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New Release Review (DVD/VOD) - DEATH POOL

death pool review
A serial killer chooses drowning his victims as his particular modus operandi.







Review by Sue Finn

Directed by: Jared Cohn

Starring: Randy Wayne, Demetrius Stear, Sara Malakul Lane, Shawn C Phillips

death pool poster

As a child, Johnny is kissed fondly goodbye by his overly-doting parents, who leave him in the clearly incapable hands of their nubile teen babysitter while they head out for the evening, saying they will be back around 10.30pm.

Once alone in her hands she sets about tormenting him by forcing him into... gasp... the swimming pool! This leads to some vaguely glimpsed trauma before we are sped forward into the present where Johnny, now tormented by whatever happened in that pool, has a laundry list of addictions and a near crippling fear of water.

After being talked into joining his friend Brandon’s uncle’s pool cleaning business (don’t ask) he sets about on a simultaneous new career as a serial killer, drowning people indiscriminately while roaring maniacally.

death pool

The rest of the movie is essentially Johnny drowning women (and the occasional man) in between attending drug-fuelled porn-star-attended parties with Brandon. The story is further expanded by Brandon (Demetrius Stear) becoming a part of this serial killer's crimes and the rest of Los Angeles deciding he’s some sort of folk hero called The Valley Drowner.

First the positives - the bright sun-bleached look of this film works well and is appropriate to the setting, and the synth score, though tiresomely overused, lends a nice retro ‘80s feel to proceedings, which at least made the tackiness and plot stupidity almost sub-genre appropriate.

Those are the only positives in this truly irredeemable movie.

From the first scene there are problems. Why are the parents leaving for dinner when it is clearly still the afternoon? What happened in the pool with the babysitter? What does the mother know about this that she later apologises to Johnny for ‘what happened’?

Johnny’s ‘issues’ are so telegraphed it's beyond ridiculous; there he is, just awake from a bad dream, swigging the last of a bottle of Jack while smoking a joint with a cigarette tucked behind his ear. Though much is made of his penniless status he is seen throughout the movie partaking in drink and drugs because you know, he’s ‘troubled’; and not only could he not afford this but he never actually appears affected by it even once. He’s perfectly coherent and seemingly sober during the entirety of the film.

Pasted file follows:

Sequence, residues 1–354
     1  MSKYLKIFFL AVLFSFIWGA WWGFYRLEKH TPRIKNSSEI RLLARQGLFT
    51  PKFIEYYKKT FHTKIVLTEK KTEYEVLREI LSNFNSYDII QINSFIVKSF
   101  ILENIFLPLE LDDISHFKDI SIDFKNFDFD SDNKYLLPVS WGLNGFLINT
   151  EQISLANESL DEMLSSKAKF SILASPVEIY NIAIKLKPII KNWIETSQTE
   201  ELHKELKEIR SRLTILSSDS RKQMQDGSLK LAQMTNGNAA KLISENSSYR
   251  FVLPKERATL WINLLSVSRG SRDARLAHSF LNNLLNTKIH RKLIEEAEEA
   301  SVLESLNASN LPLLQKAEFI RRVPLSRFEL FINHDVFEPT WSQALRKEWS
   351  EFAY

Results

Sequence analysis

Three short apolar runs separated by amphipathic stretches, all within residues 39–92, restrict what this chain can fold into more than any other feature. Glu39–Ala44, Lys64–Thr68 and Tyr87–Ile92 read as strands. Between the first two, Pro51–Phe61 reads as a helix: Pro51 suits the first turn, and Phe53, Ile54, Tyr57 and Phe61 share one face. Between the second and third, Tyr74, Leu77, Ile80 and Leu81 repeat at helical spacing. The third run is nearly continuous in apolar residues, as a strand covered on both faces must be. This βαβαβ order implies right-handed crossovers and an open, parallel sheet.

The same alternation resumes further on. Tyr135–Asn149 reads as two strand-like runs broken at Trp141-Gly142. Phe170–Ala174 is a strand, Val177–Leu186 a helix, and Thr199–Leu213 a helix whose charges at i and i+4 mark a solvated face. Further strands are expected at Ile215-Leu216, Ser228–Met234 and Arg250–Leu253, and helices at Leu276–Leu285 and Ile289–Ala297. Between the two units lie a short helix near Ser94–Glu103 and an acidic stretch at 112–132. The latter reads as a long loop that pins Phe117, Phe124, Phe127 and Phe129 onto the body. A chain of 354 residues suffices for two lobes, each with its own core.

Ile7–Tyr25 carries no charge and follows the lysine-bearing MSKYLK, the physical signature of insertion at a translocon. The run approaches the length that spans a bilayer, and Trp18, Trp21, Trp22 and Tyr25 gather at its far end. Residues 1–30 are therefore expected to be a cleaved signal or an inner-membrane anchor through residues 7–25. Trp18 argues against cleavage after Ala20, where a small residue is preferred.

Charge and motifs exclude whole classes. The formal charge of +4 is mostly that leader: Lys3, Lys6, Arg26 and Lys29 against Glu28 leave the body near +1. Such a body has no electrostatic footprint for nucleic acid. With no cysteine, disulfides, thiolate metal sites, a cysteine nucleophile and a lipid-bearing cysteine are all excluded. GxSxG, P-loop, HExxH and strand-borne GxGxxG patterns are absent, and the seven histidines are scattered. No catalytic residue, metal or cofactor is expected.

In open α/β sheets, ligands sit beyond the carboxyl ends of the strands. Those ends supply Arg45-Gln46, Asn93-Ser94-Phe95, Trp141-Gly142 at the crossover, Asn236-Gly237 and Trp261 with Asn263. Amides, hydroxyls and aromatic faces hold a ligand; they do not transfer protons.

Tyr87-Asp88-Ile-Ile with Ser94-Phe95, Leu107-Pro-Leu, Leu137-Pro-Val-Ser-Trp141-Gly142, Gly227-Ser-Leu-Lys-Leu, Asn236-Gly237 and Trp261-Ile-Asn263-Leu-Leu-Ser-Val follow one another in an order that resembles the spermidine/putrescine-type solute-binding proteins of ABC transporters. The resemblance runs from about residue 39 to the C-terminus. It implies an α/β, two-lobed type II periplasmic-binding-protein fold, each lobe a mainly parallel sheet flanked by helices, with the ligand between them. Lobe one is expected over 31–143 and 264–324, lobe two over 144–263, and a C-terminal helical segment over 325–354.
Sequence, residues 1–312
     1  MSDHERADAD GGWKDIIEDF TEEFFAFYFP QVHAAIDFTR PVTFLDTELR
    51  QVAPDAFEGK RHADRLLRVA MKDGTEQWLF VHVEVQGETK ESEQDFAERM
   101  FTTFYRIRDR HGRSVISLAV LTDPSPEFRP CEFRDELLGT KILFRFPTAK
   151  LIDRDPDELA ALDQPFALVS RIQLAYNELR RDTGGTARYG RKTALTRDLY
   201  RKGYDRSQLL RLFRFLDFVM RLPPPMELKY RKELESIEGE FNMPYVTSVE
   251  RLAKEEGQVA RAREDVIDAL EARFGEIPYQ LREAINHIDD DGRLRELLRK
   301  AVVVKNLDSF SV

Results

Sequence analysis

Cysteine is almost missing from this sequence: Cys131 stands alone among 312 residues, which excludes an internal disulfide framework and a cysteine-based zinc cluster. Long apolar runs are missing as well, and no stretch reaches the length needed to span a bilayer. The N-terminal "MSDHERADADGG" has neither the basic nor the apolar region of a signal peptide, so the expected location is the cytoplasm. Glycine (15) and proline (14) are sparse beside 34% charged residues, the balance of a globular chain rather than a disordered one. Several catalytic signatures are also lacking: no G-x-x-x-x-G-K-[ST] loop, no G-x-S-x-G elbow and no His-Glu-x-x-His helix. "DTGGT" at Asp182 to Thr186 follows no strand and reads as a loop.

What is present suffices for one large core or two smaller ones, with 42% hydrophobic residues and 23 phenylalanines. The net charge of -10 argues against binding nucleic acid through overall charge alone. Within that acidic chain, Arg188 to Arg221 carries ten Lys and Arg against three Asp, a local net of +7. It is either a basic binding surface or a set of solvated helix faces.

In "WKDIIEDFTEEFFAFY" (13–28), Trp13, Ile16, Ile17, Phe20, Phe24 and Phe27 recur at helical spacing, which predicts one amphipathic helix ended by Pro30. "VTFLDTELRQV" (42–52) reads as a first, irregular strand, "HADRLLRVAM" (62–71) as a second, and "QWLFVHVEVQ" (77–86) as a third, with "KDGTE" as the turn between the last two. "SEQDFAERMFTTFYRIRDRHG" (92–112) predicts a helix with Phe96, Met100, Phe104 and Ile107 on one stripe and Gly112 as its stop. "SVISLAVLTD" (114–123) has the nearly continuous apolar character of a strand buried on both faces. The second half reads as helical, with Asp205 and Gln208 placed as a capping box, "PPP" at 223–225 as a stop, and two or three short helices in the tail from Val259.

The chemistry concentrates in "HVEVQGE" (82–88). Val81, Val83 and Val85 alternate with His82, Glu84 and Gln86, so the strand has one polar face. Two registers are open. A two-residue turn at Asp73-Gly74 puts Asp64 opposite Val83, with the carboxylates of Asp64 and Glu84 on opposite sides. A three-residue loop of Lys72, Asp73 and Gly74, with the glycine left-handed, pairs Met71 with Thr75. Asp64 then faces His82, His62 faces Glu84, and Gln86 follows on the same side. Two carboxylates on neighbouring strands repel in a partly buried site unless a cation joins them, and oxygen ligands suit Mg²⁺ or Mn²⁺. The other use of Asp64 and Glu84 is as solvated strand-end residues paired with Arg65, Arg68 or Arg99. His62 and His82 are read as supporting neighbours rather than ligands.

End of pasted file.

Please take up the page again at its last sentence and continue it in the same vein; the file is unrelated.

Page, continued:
death pool

He murders people loudly and in public settings and yet no one ever sees or hears anything. He drowns people at parties, at swim schools (where apparently no one works or attends – tell me where that public pool is – I’ll go right now!) and on the street, but despite LA being almost constantly under camera surveillance, there’s never a hint of his identity being revealed until suddenly it is all over the news, where evidently you can reveal someone’s name before they’ve even been formally charged or questioned. Not to mention the fact that at the time he is revealed as the killer the police are searching for, there is a swarm of people behind the reporter wearing ‘Valley Drowner’ t-shirts – wow that escalated quickly!

This is yet another problematic turn of events; I can accept Johnny’s friend being strangely fascinated by the murders, but complete strangers being sycophantic fans fawning all over a serial killer? No, that is beyond ridiculous. He isn’t some Robin Hood character with an agenda to help the little guy or on a political crusade, he is a serial killer murdering young woman; a massive t-shirt wearing fan base is never gonna materialise to invite this guy to pool parties. Just stupid.

He randomly kills a child’s parents for no real reason and then tells her she’ll be “Ok”; its as if the film-makers have fully embraced his ‘urban hero’ side story and want him to appear almost magnanimous, but he doesn’t get to be both the killer and the comforter, it doesn’t work that way.

death pool

The acting by Randy Wayne as Johnny is adequate; it’s hard to tell if the lack of complexity in the character came from the script or Wayne, but I’m leaning towards the script. As written and directed by Jared Cohn this is a legitimate mess of a movie that fails itself as both a horror and as a coherent piece of story-telling on almost every level. There isn’t a single section that doesn’t have major faults.

There is a scene where Johnny’s mother (played by Gena Kay) visits her son while he’s in hiding, and her fear and love for him is genuinely affecting. It’s a shame, and telling that this glimmer of authenticity stands out so much, as it was the only genuine scene in the entire movie.

Diabolically bad.

Death Pool is on DVD and VOD June 20th.



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